"This experiment revealed that appraisers may make mistakes because of perceived notions and lack of knowledge about Cleveland’s neighborhoods," said Tony Willis, chair of the Appraisal task group. "Appraisers must be in touch with the neighborhoods they are appraising. The appraisers must also know which cycle a neighborhood is in. Vacant houses don’t necessarily mean that a neighborhood is in dire shape. Next month, those houses may be gone, and a community rehabilitation project may have begun."

In Donna Cotton’s view, a fair and consistent appraisal process is a crucial element of wealth creation. "If I can get the true value for my home, then I can pass that value on to whoever may come after me. But if I can’t get a fair appraisal, then you have, in effect, taken away from my wealth."

 Several Cleveland project leaders, when queried, said that their most difficult challenge—and most gratifying accomplishment—was facilitating discussions between feuding representatives of Cleveland’s minority and white real estate agencies.

There are two major associations of real estate professionals in the Cleveland area: The Cleveland Area Board of Realtors (CABOR), comprised mostly of white real estate agents, and the Cleveland Association of Real Estate Brokers (CAREB), which represents mainly minority agents. Historically, the two groups have maintained a discordant relationship. At the start of the Cleveland project, the members of CAREB (who are known as "realtists") were involved in a lawsuit against CABOR over access to the Multiple Listing Service (MLS), which is controlled by CABOR and lists all properties currently for sale by members of the Board of Realtors.

The minority agents were displeased because, in order to receive the MLS, the CAREB members (who pay dues to that organization) also had to become dues-paying members of CABOR. (The two associations have since resolved their dispute, and the MLS is now available to members of CAREB.)

In addition to this conflict, the two groups clashed over the minority real estate agents’ practice of pulling the credit reports of prospective home buyers before showing them properties. In discussions at the two-day conference, several nonminority real estate agents expressed their view that pulling a potential buyer’s credit report at an early stage in the buying process was potentially discriminatory. The nonminority agents claimed that the practice could be used to identify and screen out financially undesirable house seekers. Minority agents, however, argued that they use the credit reports to provide credit counseling to prospective buyers who may have infrequent contact with lending institutions. Saying that their actions were being misconstrued as racist, the minority agents decided to boycott the task group sessions.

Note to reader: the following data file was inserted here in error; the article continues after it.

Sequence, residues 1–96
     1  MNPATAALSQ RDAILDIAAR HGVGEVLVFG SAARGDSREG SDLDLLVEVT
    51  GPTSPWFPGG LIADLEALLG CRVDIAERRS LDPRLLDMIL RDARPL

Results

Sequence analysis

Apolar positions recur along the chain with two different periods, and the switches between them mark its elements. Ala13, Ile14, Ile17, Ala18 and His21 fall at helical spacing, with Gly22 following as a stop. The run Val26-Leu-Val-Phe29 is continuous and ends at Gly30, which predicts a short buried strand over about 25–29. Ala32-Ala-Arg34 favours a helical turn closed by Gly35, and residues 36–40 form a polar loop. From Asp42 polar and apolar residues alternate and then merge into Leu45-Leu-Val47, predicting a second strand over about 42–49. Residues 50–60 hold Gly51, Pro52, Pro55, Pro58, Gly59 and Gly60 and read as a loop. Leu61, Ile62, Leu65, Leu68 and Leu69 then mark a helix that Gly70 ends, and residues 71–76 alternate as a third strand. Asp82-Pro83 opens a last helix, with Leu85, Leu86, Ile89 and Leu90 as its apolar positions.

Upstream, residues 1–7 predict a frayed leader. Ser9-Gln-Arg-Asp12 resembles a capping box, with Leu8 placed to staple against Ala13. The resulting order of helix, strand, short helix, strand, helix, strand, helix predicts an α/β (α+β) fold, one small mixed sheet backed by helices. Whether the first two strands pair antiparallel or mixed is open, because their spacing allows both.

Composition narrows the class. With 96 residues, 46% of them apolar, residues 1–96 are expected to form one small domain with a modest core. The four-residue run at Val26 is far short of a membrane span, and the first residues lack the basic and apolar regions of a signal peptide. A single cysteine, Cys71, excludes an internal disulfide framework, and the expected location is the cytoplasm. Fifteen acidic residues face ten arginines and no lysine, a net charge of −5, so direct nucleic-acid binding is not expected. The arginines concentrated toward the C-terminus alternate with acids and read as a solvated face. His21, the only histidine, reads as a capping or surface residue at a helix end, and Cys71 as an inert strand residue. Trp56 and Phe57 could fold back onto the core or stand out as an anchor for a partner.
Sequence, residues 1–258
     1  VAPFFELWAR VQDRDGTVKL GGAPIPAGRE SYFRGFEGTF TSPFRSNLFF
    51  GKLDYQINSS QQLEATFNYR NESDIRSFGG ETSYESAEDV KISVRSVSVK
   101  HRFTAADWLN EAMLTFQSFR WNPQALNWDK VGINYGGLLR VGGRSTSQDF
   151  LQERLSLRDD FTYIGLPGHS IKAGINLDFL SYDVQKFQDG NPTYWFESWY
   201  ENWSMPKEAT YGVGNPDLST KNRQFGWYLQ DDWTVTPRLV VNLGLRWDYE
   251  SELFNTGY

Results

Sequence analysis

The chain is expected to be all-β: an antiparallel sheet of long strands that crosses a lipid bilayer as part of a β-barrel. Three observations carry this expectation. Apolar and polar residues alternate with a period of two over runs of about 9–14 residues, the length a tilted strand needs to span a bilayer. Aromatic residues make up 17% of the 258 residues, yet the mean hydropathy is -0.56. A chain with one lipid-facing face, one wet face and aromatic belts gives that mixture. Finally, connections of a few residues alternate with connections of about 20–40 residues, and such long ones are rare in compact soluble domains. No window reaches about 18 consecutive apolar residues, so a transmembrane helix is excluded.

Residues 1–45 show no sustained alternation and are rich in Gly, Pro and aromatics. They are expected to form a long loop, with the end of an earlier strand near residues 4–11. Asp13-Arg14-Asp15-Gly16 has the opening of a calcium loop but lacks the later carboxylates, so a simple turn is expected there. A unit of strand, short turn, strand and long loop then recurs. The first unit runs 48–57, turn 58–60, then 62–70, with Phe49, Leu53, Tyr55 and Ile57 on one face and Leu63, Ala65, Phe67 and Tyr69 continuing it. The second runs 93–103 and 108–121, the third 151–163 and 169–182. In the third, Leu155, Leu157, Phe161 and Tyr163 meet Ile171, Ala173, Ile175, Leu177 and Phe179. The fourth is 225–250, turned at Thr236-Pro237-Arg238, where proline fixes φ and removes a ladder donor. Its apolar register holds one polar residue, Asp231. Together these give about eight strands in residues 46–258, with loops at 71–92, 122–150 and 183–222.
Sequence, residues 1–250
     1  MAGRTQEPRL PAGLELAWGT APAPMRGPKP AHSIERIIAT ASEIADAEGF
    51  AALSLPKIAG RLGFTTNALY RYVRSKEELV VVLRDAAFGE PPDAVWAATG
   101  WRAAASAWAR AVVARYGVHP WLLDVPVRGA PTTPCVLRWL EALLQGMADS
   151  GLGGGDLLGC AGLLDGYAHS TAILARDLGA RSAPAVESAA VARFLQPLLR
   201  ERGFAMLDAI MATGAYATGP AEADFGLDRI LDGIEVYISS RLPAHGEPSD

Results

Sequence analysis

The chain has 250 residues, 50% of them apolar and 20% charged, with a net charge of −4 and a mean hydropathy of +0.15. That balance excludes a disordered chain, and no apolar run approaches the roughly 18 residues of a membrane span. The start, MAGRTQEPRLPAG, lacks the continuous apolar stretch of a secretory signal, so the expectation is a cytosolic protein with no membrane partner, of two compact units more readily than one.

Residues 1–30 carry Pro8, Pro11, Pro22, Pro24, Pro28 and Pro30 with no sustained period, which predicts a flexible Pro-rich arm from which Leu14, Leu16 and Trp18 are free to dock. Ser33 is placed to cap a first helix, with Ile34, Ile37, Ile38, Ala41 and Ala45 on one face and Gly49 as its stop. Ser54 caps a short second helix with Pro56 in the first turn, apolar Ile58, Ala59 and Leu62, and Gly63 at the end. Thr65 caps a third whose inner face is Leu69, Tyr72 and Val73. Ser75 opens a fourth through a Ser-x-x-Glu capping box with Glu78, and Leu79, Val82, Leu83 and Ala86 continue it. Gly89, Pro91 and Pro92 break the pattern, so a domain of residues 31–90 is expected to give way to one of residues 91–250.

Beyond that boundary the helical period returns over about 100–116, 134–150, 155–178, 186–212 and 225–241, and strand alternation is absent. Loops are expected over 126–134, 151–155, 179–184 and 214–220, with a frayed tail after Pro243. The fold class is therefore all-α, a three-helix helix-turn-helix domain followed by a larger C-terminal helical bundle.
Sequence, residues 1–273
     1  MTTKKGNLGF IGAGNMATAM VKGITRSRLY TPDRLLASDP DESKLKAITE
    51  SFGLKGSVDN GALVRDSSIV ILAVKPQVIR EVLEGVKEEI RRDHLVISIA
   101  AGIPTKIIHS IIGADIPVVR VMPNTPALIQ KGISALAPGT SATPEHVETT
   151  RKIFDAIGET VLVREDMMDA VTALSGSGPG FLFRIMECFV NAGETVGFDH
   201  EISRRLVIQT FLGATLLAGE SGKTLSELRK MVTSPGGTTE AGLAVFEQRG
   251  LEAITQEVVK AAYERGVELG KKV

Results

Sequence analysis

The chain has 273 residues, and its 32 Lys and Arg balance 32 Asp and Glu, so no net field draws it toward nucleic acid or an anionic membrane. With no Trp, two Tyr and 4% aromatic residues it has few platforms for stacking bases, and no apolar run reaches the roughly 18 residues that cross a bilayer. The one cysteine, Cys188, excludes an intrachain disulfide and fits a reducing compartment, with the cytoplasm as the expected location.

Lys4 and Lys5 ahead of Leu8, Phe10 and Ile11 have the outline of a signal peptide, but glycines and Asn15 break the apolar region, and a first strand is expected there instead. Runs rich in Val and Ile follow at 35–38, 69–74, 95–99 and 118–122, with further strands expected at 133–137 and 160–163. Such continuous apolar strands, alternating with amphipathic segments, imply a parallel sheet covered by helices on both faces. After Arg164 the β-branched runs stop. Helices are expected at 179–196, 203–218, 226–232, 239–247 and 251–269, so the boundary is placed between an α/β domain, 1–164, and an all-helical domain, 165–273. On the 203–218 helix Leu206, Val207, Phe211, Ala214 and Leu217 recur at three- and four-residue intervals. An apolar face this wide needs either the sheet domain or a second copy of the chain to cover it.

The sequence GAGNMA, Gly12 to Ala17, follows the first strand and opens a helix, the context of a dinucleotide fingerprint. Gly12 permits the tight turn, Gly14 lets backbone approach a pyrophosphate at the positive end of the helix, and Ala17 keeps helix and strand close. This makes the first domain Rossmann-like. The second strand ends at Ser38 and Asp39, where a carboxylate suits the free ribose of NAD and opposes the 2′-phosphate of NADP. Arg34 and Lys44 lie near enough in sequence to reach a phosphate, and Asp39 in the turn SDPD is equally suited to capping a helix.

In response to the boycott, Bud Burkle, along with Mary Davis and Barbara Grothe, visited Robert Morgan, who was then president of CAREB. "Morgan felt that the nonminority agents were unfairly judging the African-American agents," explained Burkle. "I assured him that, 'If you come to the next task group meeting and anybody becomes accusatory or confrontational, I’ll walk out of the meeting with you and we’ll never go back.’ Well, he and his group came back. And immediately, the meetings became extremely productive. He had a lot of experience with discriminatory issues, and I think he felt that the Cleveland project was a vehicle where he could finally express those frustrations."

When the Cleveland project was conceived in 1993, the sponsors realized that its success would require a concerted effort by the city’s private and public sectors. "Without this partnership, the Cleveland project could not have worked," said Malcolm Bush. "One of the impressive things about the project was that the Cleveland Fed was in genuine participation with the Greater Cleveland Roundtable and Cuyahoga County. The Fed and the County brought the power of regulatory authorities, and the Roundtable brought the practice of activism. It was a very good combination. There was some good work done."

In terms of deliverable products, the Cleveland project’s accomplishments are noteworthy: The seven task groups have overseen the development of continuing education programs for appraisers, real estate agents, and lenders; as well as four consumer education brochures and a reference directory for appraisers. The task groups also generated 29 recommendations for reducing discrimination in the housing market.